Plaintiff's Motion to Partially Reconsider Memorandum Opinion and Order (Doc. 272)

         In the Court's Memorandum Opinion and Order [Doc. 272] at issue in this Motion [Doc. 277], the Court denied leave to Plaintiff to file his Proposed Third Amended Complaint on the following grounds:

1) the futility of the proposed amendments; 2) Plaintiff knew of the facts upon which the proposed amendment is predicated before filing his suit in 2013 but has failed to include the allegations or claims within any prior version of the complaint, despite three opportunities to do so; 3) the unreasonable delay given Plaintiff's knowledge of the facts and prior amendments to his complaint; and 4) Plaintiff's motivation, in part, is to revive a claim dismissed in a previous order of the Court.

[Doc. 272, pp. 6-7] In the present Motion to Reconsider [Doc. 277], Plaintiff repeats his argument that he did not include particular allegations in his earlier complaint “in the best interest of judicial economy” [Doc. 277, pp. 2-3], and, moreover, argues that the issues that he raises in his Proposed Third Amended Complaint are issues of significant public concern, citing Deutsch v. Jordan, 618 F.3d 1093, 1100 (10th Cir. 2010) (defining matters of public concern in cases concerning the First Amendment rights of public employees). First, the requirements of notice pleading will always take priority over judicial economy, requiring every plaintiff to adequately state his or her claim. Second, neither of Plaintiff's arguments are persuasive or overcome the futility of the proposed amendments. Thus, Plaintiff's Motion to Partially Reconsider Memorandum Opinion and Order (Doc. 272) [Doc. 277] is DENIED.

         Plaintiff's Motion to Partially Reconsider Memorandum Opinion and Order (Doc. 271)

         In the Court's Memorandum Opinion and Order [Doc. 271] at issue in this Motion [Doc. 288], the Court granted State Defendants' Motion to Dismiss as to Defendants Manzanares, Fly, and Hanosh for insufficient service. [Doc. 271, pp. 8, 17] The Court further considered whether to grant an extension to Plaintiff to attempt to serve the three unserved State Defendants, and declined to do so. The Court explained at length its reasons for denying an extension:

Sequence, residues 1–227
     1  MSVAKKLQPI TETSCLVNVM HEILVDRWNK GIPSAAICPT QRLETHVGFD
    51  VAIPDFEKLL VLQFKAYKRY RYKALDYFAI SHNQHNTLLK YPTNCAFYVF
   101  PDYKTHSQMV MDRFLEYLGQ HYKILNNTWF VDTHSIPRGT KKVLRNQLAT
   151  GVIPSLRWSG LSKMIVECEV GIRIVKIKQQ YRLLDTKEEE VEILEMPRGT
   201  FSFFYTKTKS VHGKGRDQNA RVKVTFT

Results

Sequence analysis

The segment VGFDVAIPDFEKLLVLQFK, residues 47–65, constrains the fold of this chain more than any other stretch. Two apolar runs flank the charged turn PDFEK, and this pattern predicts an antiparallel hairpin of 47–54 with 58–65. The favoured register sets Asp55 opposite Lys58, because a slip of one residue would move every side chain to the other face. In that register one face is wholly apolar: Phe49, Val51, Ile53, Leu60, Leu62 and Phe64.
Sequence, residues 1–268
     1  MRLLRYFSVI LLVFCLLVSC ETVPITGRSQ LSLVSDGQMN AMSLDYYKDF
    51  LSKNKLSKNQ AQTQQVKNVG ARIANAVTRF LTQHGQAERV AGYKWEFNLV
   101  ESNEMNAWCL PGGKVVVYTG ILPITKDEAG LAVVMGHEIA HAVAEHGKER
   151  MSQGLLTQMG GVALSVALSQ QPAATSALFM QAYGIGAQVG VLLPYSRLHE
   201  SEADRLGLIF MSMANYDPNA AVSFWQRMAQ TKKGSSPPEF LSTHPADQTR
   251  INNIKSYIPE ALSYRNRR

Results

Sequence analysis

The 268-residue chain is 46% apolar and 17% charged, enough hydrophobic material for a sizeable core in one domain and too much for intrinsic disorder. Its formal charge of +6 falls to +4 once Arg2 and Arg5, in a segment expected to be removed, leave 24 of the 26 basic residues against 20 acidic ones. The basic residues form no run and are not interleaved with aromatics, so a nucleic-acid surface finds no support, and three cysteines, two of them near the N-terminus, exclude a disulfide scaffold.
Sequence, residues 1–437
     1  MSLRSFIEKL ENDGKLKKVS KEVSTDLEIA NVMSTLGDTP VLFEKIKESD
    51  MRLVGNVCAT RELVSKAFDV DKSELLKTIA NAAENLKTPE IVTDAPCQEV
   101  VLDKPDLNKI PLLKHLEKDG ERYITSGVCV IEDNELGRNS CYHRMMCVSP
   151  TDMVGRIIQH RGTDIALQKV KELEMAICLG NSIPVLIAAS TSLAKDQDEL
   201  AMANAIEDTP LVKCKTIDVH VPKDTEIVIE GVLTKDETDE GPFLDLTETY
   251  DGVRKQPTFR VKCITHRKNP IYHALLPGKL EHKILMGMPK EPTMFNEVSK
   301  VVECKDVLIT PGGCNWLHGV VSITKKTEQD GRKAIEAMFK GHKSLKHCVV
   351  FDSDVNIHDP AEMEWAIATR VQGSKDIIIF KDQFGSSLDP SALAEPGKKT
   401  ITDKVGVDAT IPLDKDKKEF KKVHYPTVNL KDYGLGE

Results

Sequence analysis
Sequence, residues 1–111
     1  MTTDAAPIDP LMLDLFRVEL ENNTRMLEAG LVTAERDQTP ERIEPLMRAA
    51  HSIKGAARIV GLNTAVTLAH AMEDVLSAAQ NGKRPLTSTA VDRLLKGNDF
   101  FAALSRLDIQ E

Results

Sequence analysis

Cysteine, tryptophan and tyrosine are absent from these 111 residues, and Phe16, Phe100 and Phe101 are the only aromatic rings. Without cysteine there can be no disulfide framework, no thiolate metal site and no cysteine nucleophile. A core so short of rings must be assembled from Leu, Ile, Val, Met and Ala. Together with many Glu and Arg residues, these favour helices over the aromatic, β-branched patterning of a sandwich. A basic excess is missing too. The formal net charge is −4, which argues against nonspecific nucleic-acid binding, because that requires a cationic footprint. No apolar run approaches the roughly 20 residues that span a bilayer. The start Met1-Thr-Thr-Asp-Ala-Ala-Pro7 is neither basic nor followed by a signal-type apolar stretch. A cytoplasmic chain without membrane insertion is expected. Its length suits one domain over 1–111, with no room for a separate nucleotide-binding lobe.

1) Plaintiff did not attempt to effect service until approximately one week before his deadline to do so; 2) Plaintiff only attempted service after the Magistrate Judge entered an Order to Show Cause directing Plaintiff to show cause why his complaint should not be dismissed for failing to advance his case; 3) Plaintiff did not explain any circumstance preventing him from attempting service earlier; 4) Plaintiff's unexplained delay was the cause of his inability to attempt to follow the secondary and tertiary methods of service set forth in New Mexico Rule of Civil Procedure 1-004(F); and 5) Plaintiff previously brought the same claim against the State Defendants, which Plaintiff dismissed voluntarily, without prejudice, after the Court entered an Order to Show Cause why the Complaint should not be dismissed for the failure to effect service within the 120 [day] deadline. Muller v. Vilsack, et al., 12-CV-1136-RB-LFG [Doc. 1, ¶¶ 43-52; Doc. 5; Doc. 8]. Between these two lawsuits, Plaintiff has been afforded 240 days to serve the State Defendants, and rather than diligently making efforts to do so, he sat on his rights. Furthermore, nowhere in his Motion to Extend the Time for Services of Process does Plaintiff ...